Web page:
Healthcare organizations and experts tend to focus on monetary incentives when considering ways to induce providers to rural areas. These incentives include not only significant regular pay, but also things like loan payoff arrangements and sizeable bonus payments. Essentially, relying on the lure of flashing dollar signs to get providers to even consider joining the hospital or group in the first place. For many physicians with crippling student loan debt and young families to look after, this is a legitimate inducement, even if it means relocating to an area they may have never considered before. However, these beneficial financial arrangements solve only the first conundrum of hiring, and do not generally solve the issue of long-term retention. So how to get providers to not only move to rural communities, but also to stay put?
It appears that the most effective strategy lies in pursuing candidates who will appreciate the lifestyle advantages offered by practicing in a rural setting, of which there are many. To begin with, there are many lifestyle factors that simply are not available in urban settings. For individuals who value the activities and opportunities presented by the great outdoors, many of our country’s rural communities offer enticing advantages. Hiking, horseback riding, boating, mountain biking, rafting and countless other activities are typical pastimes available any day of the week in many rural areas. Whereas for most of us, participating in such activities would require a special excursion, residents of many rural areas can partake in those activities any day of the week. A rural setting also might offer an attractive lure for parents of growing children. Children raised in a rural setting may have a completely different outlook on life, community, the importance of spending time outdoors being active, and the comfort, safety and reliability of a close-knit community. These are life lessons that cannot necessarily be taught, but rather must be experienced first-hand.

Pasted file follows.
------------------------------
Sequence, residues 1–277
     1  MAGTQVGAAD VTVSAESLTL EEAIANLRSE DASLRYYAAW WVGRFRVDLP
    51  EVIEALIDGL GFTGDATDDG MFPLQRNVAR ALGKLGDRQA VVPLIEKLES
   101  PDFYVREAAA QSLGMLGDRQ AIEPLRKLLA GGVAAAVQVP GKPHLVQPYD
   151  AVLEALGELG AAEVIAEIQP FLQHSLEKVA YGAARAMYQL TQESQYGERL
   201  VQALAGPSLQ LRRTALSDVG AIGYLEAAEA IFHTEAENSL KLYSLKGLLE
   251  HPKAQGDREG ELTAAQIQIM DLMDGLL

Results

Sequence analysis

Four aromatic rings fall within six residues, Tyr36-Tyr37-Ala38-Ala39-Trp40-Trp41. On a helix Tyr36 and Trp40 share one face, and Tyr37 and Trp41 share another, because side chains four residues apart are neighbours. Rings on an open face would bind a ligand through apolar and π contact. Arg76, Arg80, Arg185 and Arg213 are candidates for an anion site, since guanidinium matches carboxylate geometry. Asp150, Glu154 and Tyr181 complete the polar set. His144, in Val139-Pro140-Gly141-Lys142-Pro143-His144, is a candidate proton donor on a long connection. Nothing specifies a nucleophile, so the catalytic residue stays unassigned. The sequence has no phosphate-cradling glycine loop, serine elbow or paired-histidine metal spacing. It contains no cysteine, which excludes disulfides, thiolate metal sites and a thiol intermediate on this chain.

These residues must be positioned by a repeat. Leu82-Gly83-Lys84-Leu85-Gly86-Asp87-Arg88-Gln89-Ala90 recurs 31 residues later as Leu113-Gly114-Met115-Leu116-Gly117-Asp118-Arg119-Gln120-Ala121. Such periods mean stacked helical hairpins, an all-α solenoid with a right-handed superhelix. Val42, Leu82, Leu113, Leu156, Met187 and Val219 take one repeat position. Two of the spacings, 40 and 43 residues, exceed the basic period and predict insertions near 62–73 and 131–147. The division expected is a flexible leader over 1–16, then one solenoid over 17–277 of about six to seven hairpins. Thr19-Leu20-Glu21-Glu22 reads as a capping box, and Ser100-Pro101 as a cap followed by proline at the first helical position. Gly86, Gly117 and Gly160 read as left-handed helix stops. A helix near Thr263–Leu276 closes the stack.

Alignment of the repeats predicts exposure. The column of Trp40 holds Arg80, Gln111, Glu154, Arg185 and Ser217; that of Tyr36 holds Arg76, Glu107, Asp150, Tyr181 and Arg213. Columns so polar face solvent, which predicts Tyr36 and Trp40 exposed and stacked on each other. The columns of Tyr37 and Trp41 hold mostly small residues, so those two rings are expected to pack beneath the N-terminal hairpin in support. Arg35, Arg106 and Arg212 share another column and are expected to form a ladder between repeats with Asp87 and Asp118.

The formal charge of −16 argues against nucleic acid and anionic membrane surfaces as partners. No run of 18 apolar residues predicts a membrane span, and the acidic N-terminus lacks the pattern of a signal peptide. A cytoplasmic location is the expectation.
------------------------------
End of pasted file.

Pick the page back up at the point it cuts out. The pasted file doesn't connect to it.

For practitioners who are more concerned with career-focused inducements to residing in rural areas, those exist as well. Physicians in rural communities have greater autonomy in general. Based simply on the fact that there are fewer providers to go around, physicians are often in the position to practice areas of medicine they wouldn’t otherwise see in an urban setting that is swarming with specialists of all types. Whereas in an urban setting a particular case might be sent immediately to a specialist, a physician in a rural setting would likely take on the case herself. This allows (and requires) the physician to use a much greater amount of the broader knowledge and information she’s been taught throughout her career, versus being pigeon-holed into only working on a very specific type of case. Finally, rural physicians generally have the benefit of getting to exercise a more holistic, patient-centered approach to medicine, as they are allowed more time with each patient, thereby enabled to provide more comprehensive care.
The benefits are varied and many, and physicians of all ages, experience levels and specialties are well-advised to consider the career opportunities available in our nation’s rural communities.